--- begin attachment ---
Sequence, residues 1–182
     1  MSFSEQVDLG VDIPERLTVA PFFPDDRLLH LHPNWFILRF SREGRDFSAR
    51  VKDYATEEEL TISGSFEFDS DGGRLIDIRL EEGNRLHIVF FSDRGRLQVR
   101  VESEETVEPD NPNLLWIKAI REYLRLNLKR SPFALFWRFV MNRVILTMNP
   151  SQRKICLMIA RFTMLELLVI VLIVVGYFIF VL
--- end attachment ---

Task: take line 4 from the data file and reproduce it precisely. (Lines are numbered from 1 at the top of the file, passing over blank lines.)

   101  VESEETVEPD NPNLLWIKAI REYLRLNLKR SPFALFWRFV MNRVILTMNP